It was determined from the sensor readings that the vending machine’s annual energy costs are less than $45, and revenue earned from sales and convenience are greater than the cost. That answered the question of whether the machine should be removed; church leadership kept the vending machine in place.

The real energy savings story focuses on the signal repeating device and temperature sensor installed by HSB engineering, along with the vending machine sensor.

The parish hall has the most diverse and active use in the church complex. Users often changed thermostat settings to their immediate, perceived comfort levels. These settings were often higher or lower than comfort levels under the misconception that the greater the change in setting, the quicker the change in temperature. For example, room users would lower temperatures and then, during meetings, put on sweaters. Often after meetings, the thermostat temperature was not reset. It was apparent to the church leadership that people were changing the room temperature without appreciating the energy and cost implications.

Up to this point, the church thermostats were manual devices, and the church or meeting leadership was responsible to ensure that the set temperatures were acceptable for meetings and turned down afterwards.

To reduce this dependency on human behavior, programmable thermostats and lock boxes were installed at about the same time as the vending machine analysis was performed, late in 2014 and early in 2015. These actions had little effect on energy use because people continued to change the temperatures on the new thermostats, getting around the lock boxes by obtaining their own keys and not changing their behaviors.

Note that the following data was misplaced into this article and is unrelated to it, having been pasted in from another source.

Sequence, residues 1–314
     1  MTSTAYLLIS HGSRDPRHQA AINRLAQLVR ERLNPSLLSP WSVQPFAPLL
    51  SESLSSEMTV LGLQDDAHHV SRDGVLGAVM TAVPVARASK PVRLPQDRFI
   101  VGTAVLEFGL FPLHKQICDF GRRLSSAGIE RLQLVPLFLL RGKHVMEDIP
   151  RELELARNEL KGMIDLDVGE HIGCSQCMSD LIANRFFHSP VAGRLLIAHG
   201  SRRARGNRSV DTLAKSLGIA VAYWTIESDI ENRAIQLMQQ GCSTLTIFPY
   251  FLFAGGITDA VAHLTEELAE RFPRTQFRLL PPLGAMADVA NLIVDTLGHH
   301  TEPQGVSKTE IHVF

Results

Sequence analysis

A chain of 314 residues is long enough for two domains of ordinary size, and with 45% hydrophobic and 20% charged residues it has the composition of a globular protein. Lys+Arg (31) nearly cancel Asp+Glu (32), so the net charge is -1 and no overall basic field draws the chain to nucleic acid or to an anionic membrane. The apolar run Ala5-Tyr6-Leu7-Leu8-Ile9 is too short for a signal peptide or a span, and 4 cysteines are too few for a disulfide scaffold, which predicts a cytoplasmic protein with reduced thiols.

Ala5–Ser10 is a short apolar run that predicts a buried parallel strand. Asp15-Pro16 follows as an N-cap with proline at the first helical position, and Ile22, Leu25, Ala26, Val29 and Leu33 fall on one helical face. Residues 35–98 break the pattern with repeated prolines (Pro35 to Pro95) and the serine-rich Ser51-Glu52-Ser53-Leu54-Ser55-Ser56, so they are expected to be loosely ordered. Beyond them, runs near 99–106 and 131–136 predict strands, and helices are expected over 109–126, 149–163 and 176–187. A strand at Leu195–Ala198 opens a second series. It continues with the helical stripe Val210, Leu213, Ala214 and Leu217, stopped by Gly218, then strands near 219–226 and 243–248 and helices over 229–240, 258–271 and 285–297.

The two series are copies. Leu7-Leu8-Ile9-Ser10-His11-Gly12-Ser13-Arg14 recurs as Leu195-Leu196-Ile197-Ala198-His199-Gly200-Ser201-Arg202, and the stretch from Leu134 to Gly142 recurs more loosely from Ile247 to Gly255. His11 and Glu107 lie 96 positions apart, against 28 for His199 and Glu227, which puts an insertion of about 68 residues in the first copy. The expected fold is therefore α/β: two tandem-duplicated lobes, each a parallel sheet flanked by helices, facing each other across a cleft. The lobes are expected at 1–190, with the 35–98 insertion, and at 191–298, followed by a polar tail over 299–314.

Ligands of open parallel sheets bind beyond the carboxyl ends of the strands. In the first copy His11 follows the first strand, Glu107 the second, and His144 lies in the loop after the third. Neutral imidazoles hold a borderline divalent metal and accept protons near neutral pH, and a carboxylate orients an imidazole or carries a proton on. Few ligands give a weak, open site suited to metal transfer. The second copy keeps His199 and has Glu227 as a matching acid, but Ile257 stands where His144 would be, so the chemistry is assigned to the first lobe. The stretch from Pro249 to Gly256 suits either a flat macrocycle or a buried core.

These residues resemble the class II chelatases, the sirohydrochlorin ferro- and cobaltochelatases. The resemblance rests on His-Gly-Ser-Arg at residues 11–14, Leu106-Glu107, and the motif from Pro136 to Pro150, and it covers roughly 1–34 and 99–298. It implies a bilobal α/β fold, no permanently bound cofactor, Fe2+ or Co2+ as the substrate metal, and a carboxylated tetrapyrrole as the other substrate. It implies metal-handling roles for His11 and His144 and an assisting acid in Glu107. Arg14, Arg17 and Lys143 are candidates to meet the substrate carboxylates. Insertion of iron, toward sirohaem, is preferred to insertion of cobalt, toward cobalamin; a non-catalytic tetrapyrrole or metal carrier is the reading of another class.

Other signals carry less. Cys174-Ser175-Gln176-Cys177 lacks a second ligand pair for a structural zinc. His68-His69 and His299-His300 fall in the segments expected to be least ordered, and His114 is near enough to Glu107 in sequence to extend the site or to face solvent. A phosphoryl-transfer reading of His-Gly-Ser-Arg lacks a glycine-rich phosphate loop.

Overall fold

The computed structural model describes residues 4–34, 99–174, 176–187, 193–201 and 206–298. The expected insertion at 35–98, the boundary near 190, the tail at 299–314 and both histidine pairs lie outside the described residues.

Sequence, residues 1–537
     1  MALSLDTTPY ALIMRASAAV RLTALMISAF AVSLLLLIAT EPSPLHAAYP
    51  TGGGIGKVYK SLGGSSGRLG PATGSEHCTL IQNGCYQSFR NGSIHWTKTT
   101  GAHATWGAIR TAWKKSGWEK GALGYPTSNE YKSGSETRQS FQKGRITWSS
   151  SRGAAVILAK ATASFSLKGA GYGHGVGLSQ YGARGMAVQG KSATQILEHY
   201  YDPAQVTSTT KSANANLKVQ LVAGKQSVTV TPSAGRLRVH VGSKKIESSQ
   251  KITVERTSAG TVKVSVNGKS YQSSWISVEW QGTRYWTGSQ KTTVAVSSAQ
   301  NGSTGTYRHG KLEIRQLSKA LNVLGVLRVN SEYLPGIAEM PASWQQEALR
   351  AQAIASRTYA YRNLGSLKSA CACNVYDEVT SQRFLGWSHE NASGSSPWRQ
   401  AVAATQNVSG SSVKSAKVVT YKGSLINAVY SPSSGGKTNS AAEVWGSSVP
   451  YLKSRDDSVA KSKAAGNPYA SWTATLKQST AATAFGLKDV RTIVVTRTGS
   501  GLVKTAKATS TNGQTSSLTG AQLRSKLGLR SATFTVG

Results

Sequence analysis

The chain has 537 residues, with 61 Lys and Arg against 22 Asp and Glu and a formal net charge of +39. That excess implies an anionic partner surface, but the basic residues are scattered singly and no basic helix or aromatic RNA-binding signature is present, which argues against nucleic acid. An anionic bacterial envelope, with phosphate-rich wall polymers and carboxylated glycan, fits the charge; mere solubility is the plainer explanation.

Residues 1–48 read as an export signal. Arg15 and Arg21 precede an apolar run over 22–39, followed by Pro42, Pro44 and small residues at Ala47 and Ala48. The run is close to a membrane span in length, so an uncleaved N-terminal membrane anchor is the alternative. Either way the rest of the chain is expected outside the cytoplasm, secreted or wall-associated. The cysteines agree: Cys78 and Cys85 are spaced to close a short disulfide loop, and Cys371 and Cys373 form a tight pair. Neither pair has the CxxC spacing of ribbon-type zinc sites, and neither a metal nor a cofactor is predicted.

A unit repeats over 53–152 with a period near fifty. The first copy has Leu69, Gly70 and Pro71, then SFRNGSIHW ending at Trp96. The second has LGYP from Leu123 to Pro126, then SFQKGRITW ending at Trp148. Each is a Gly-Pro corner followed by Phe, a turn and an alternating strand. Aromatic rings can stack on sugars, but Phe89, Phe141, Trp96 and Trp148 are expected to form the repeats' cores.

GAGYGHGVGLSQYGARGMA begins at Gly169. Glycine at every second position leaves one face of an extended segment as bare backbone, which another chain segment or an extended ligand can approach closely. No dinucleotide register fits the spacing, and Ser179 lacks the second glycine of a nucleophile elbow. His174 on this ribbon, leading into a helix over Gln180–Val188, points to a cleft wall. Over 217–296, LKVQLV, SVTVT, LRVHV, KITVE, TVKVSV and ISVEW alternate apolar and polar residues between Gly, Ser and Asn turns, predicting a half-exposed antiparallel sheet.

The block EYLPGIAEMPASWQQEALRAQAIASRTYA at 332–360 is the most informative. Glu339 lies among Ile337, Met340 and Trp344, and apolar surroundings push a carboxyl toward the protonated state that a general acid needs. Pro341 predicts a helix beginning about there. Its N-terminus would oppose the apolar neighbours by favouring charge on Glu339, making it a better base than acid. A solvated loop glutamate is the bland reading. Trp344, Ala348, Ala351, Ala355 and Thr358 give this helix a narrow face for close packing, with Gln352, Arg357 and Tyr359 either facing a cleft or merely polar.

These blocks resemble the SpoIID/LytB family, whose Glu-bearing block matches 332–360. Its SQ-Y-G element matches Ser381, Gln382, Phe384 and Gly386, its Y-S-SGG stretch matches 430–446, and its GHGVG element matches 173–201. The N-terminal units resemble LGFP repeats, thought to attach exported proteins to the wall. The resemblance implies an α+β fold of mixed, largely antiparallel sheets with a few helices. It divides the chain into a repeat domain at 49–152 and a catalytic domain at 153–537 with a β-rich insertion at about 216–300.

When HSB installed the signal repeater and temperature sensor, hall temperatures were recorded, and the data stored and analyzed. Church leaders could see when temperatures were changed, contact meeting organizers and remind them about energy policies. At the same time, church leaders were better able to inform building users of actual costs and savings. Once parishioners could better understand the long-term energy cost implications, compliance with energy policies improved.

Analysis showed that over the last two years when temperature sensor data was being monitored, there was a 26-percent reduction in actual energy consumption and an 18-percent increase in energy use efficiency. These results represent significant cost savings in thousands of dollars annually for the church. Ongoing monitoring is necessary to maintain the energy savings.